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Penn State Football’s Midseason Report Card

By: Ryan Parsons and Will Pegler

It’s officially the halfway point of No. 7 Penn State football’s 2021 campaign.

The Nittany Lions have seriously impressed up to this point. An injury to Sean Clifford played a massive role in Penn State’s first loss of the season this past weekend, but James Franklin’s team still stands at 5-1 as a clear contender in the Big Ten.

With a brutal back-half of conference play still ahead of it, let’s take a look at how each of Penn State’s position groups has performed up to this point.

Quarterbacks: B+

Especially considering his dismal 2020 campaign, Sean Clifford has been fantastic through his first five and change games. The veteran quarterback hasn’t put out eye-popping stats, but he’s looked comfortable in the pocket, used his legs when necessary, and has made efficient decisions consistently.

Clifford has thrown for 11 touchdowns this season along with 1,482 total yards. He does have five interceptions, two of which came this past weekend against the Hawkeyes. However one of those picks came on a pass to KeAndre Lambert-Smith against Villanova that absolutely should’ve been caught, while a deep mistake against Auburn at the White Out simply served as a punt before halftime for the Nittany Lions.

The Cincinnati native has also been excited with his feet so far, as he already has 173 rushing yards and two scores. Most recently, Clifford reached pay dirt on a well-executed draw play that put Penn State up 14-3 early against Iowa.

As solid as Clifford has been, the quarterback situation remains unclear at the moment. He sustained an injury in the second quarter against the Hawkeyes that knocked him out of the game, and redshirt sophomore Ta’Quan Roberson struggled mightily in his place.

If Roberson will need to start against Illinois after the bye week, he’ll need to take a couple of steps forward. The inexperienced quarterback was understandably rattled at a hostile Kinnick Stadium and finished his day with just seven completions on 21 attempts. Roberson also had trouble communicating with his offensive line, as the Nittany Lions picked up an ugly eight false start penalties with him calling the shots.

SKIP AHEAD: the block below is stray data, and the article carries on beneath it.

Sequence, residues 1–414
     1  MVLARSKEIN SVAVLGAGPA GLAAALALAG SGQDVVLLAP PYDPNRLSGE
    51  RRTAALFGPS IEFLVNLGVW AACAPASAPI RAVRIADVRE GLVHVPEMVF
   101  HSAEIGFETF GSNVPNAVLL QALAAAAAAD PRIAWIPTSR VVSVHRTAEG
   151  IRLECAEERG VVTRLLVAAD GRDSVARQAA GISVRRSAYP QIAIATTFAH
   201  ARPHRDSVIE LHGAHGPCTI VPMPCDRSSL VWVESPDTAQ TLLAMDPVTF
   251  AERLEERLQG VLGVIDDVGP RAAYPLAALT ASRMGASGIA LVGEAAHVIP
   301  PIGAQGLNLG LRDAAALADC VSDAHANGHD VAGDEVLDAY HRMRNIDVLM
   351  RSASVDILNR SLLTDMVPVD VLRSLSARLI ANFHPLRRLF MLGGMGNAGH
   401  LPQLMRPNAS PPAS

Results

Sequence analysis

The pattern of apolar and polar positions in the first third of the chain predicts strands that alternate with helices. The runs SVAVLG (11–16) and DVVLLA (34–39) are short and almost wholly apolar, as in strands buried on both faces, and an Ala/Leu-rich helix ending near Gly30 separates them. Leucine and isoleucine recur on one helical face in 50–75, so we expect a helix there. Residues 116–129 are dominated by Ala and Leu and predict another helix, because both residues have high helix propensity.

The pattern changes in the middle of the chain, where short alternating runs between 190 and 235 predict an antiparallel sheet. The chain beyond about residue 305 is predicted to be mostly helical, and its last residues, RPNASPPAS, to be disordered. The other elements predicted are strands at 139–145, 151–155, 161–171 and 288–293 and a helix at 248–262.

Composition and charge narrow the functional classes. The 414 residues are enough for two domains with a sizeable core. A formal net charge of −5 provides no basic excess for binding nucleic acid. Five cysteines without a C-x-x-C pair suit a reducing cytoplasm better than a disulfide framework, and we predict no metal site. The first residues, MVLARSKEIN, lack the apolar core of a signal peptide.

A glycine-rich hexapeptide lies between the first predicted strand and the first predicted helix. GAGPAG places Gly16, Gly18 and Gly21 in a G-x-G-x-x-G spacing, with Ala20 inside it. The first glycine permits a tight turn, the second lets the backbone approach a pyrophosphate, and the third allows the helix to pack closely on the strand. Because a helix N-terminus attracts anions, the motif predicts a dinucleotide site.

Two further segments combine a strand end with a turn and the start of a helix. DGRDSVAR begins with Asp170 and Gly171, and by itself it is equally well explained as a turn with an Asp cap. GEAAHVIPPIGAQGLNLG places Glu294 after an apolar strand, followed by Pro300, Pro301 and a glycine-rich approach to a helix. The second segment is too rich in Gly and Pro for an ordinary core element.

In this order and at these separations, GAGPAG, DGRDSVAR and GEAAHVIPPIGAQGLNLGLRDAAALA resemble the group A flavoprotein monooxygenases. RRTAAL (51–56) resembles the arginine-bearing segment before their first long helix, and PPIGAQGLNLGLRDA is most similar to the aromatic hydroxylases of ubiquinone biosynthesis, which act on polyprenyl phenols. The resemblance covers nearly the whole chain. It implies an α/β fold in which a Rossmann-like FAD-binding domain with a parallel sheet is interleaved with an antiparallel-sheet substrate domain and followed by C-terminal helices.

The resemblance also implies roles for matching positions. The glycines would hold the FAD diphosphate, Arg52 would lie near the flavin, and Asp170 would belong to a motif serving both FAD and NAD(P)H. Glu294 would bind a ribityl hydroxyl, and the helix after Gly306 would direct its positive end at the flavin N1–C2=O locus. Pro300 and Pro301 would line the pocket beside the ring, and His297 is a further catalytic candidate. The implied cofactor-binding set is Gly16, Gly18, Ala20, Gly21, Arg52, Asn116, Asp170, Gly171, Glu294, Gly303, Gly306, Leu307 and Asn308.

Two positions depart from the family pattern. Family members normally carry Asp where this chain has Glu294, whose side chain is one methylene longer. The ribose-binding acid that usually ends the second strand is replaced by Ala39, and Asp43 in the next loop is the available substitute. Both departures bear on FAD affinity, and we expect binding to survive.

Clifford’s impressive rebound campaign has been one of the many bright spots for this year’s squad. If anything, the offensive issues in the second half against Iowa only proved how important the veteran quarterback is to this team.

Running Backs: C-

Ja’Juan Seider’s group had a ton of hype entering this 2021 campaign, and with plenty of depth and experience in the room, it all seemed to be warranted. However, Penn State’s rushers have largely disappointed so far.

The Nittany Lions currently have the 11th-best rushing attack in the Big Ten, as the group is averaging just 128.3 yards per game. Keyvone Lee and Noah Cain lead the room with 204 and 202 yards on the season, respectively, but neither has yet to get into much of a rhythm.

Lee’s top performance thus far came against Indiana, as he put up 74 yards on the Hoosiers. He’s had a hand full of explosive runs throughout the season, but they’ve been too few and far between for him to be considered a very productive rusher just yet.

Penn State has clearly tried to get Cain back to his freshman self. He leads the team by far with 67 attempts on the year but truly hasn’t looked like the same aggressive, fall-forward type of rushers fans got used to seeing in 2019. James Franklin noted that the Louisiana native was “dinged up” against Villanova, so it’s unclear if that knock has affected his production. Either way, his top performance of the year was just a 69-yard day in the win over Ball State.